Thedacare physician discuss symptoms and care options
NEW LONDON, Wis. – It happens: You notice your eye turning red, and maybe it’s itchy or watering. Maybe it feels like you’ve have sand stuck in it, and you wonder what’s going on – is this pink eye, and how can you make it go away?
Pink eye, or acute conjunctivitis, is an infection or inflammation affecting the conjunctiva, the thin membrane that covers the white part of the eye. It’s a common eye problem that can impact both adults and children.
Patients experiencing pink eye normally have one of three types: bacterial, viral or allergic, explained Felix Jolly Odathil, MD, family medicine physician at ThedaCare Physicians-New London. Viral and bacterial conjunctivitis are both highly contagious and are spread through directly or indirect contact with someone else who is infected.
“Bacterial conjunctivitis usually has thick green or yellow discharge from one eye,” he said. “That infection can spread to the second eye later, with no other systemic signs.”
Viral conjunctivitis, on the other hand, usually manifests in watery, thin strands of mucous coming from both eyes. Patients may feel like their eyes are gritty or burning, and often report feeling like sand is in their eyes. Viral conjunctivitis may be a symptom of the onset of other diseases, including COVID-19. People can also experience pink eye along with colds and respiratory infections.
“Both bacterial and viral conjunctivitis are contagious,” said Dr. Odathil. “Washing your hands frequently and avoiding contact with others can help reduce the risk of contracting conjunctivitis.”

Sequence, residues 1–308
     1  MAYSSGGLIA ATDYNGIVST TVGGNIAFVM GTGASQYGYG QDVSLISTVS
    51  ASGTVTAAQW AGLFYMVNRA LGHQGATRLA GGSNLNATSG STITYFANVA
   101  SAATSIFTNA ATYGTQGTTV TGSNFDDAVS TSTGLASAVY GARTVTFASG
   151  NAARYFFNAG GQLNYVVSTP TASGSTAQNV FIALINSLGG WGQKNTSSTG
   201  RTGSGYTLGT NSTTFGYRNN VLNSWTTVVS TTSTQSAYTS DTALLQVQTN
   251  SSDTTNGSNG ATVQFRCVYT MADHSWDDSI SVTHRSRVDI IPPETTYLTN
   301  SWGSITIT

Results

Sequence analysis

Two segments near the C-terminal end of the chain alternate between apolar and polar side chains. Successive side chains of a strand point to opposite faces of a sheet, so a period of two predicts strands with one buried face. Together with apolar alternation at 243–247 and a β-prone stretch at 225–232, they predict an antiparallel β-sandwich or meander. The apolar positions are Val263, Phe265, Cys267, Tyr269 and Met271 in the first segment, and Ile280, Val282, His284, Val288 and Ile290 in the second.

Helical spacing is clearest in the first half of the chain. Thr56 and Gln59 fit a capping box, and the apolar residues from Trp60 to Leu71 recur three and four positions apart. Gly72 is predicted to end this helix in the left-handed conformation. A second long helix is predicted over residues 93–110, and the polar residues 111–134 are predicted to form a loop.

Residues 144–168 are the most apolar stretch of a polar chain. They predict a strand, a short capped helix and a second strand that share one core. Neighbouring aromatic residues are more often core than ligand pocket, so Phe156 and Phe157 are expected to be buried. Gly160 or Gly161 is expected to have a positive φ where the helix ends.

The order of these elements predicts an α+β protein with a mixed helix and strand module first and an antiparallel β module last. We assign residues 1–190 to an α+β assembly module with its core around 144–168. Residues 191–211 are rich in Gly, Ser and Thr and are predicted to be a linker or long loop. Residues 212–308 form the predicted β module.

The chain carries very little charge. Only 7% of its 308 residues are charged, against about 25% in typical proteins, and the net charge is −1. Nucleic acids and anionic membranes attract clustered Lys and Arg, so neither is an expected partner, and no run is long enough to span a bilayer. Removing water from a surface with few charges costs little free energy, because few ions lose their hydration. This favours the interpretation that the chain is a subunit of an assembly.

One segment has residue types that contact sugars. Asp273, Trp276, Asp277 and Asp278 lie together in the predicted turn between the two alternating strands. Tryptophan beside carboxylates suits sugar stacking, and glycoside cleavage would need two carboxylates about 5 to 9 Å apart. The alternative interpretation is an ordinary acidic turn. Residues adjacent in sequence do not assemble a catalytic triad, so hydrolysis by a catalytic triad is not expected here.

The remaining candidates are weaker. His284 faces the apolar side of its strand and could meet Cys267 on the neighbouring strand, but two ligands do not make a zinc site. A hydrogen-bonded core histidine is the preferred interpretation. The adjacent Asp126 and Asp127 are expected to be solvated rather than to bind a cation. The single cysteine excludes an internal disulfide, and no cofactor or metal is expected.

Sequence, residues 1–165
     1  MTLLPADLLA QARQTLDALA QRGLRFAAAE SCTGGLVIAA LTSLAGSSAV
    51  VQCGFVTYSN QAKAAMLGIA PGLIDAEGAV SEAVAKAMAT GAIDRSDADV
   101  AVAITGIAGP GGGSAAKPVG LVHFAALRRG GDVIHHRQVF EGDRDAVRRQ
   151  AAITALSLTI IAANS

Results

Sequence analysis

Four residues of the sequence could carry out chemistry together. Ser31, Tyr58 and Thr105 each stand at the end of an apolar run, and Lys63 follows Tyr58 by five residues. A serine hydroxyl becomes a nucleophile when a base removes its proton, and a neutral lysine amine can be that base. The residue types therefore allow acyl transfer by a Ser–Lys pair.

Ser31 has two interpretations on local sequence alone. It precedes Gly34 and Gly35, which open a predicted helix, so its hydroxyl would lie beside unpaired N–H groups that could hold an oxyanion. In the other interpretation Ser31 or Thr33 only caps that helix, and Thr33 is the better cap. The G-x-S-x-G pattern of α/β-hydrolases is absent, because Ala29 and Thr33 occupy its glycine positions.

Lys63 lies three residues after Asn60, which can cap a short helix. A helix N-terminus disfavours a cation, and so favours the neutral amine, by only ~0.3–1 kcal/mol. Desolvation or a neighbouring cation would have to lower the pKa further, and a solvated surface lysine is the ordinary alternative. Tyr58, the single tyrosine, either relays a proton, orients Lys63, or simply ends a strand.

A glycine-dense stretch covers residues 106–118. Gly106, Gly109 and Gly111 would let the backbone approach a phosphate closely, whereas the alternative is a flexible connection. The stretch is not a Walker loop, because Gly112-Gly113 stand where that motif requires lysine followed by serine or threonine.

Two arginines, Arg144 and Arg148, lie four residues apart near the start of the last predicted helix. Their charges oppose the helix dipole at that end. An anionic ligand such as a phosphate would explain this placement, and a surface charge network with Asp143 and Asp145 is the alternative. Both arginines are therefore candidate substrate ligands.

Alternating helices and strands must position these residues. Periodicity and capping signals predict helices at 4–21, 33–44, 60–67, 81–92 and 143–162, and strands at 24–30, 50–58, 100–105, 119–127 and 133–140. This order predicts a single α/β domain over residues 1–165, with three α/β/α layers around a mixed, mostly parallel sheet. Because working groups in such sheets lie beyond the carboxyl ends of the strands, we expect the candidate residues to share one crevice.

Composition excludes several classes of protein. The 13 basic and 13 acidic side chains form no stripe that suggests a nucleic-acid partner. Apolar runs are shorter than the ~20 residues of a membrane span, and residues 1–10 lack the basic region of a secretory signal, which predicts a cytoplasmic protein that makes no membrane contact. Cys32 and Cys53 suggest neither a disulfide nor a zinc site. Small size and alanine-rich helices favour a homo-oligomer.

Other ways to reduce your risk of contracting pink eye:
- Avoid touching your eyes with your hands.
- Don’t share eye cosmetics such as mascara or eyeliner, and don’t share towels and washcloths.
- Regularly change your pillowcases and use clean washcloths and towels each day.
- Do not wear contact lenses longer than recommended and clean them properly.
A third type, allergic conjunctivitis, is associated with congestion, sneezing, thin watery discharge from both eyes, and “allergic shiners” Dr. Odathil explained.
“It can be activated when the body produces histamines in reaction to irritants such as pollen, medicines or pet dander,” he said. “The inflammation from allergic conjunctivitis can cause itching, tearing, nasal discharge and sneezing as well. Allergy eye drops might provide some relief of the issues.”
According to Dr. Odathil, antibiotics can help speed healing from bacterial conjunctivitis, but other types of pink eye don’t benefit. Most cases of pink eye will heal within a week or two. Over-the-counter eye drops, or artificial tears, can help with symptoms. Cold compresses also can help reduce redness and swelling.
“If you do notice symptoms of pink eye, call your provider to determine whether you should be seen,” he said. “Symptoms that indicate you may need medical attention include pain, a very red eye, discharge, crusty eyes upon waking, blurry or foggy vision, or sensitivity to light. If you were exposed to an irritant, such as a chemical splash, or your eye was recently scratched, you also should visit your provider.”